Dingane initially acted as a peacemaker by ending the warfare that had characterised Shaka’s reign. Weary men could now return home to enjoy family life. The new king moulded his court – built in the heart of the kingdom and named uMgungundlovu (Place of the Great Elephant) – around dancing and general merriment. Indeed, Dingane was entranced by beads and clothes, and spent countless hours coordinating dances and designing costumes for his harem.
But he soon revealed a talent for treachery. Surrounded by so many half-brothers who might try to usurp him, Dingane hatched a calculating plot to eliminate them. He invited them into his harem to enjoy its carnal delights, but all was not as it seemed – sex with the king’s women was punishable by death. Having lulled his siblings into a false sense of security, Dingane appeared the following morning, wearing only a black blanket, and ordered his warriors to bludgeon his half-brothers to death. Only three of Senzangakhona’s many sons survived the purge.
Meanwhile, potential enemies were gathering outside the kingdom. Dingane had a fractious relationship with the white traders whom Shaka had so indulged, and who were lodged at their base of Port Natal in present-day Durban. The king wanted guns but to his disappointment neither the traders nor the missionaries were prepared to oblige – at least not willingly. Soon, another threat emerged in the form of the Boers. Disgruntled with British rule in the Cape colony, they had headed north towards the Zulu interior in about 1837 and were looking for land on which to settle.
Led by Piet Retief, a party of Boers negotiated with Dingane in the hope they could get him to sign over a slice of land. Suspicious of the Boers’ motives, Dingane dithered before agreeing to sign. On 6 February 1838, he persuaded Retief and his party – numbering about 100 men – to disarm before entering uMgungundlovu to enjoy a Zulu war dance. It was a ruse: during the festivities, Dingane rose from his throne and ordered his warriors to kill the entire party. Retief was forced to watch as his comrades were clubbed to death before he too was executed. His heart and liver were placed in the path of the remaining Boers in an attempt to bewitch them.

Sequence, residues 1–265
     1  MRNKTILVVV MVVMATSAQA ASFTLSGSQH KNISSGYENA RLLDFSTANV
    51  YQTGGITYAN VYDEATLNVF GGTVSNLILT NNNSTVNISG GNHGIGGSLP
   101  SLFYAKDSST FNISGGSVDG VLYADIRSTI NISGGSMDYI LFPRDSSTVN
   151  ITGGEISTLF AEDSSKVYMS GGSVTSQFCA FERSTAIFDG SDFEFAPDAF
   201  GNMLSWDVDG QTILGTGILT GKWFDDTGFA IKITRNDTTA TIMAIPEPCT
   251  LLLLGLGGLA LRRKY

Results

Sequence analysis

The surviving Boers regrouped and, on 16 December 1838, decisively defeated Dingane’s forces at the Battle of Blood River – so named because the river alongside the battlefield ran red with the blood of Zulu warriors. Dingane deserted uMgungundlovu and rebuilt another capital out of the Boers’ reach, but he faced a fatal blow to his authority when Mpande, a half-brother who had evaded assassination, joined forces with the Boers to overthrow Dingane. The Zulu nation, so successfully united by Shaka, was now divided between two of his half-brothers.
With his enemies closing in, Dingane’s day of reckoning arrived on 29 January 1840 at the Battle of Maqongqo Hills. His forces were defeated by Mpande’s men who were no doubt buoyed by the fact they could call on Boer firepower should the need arise. In the event, Dingane fled with a small group of followers to the hills of the Swazi kingdom, where he was soon afterwards fatally stabbed during a raid.
When Mpande became king, his praise-singer recited a dirge that reflected the enduring Zulu perception of Dingane: ‘You thrust an evil spear into Zululand!’ Yet, many historians profess sympathy for Dingane’s predicament: he ruled the kingdom during a particularly challenging era in which it was clear that, unless the Zulu found ways to match the whites’ firepower, they would be encircled and eventually defeated.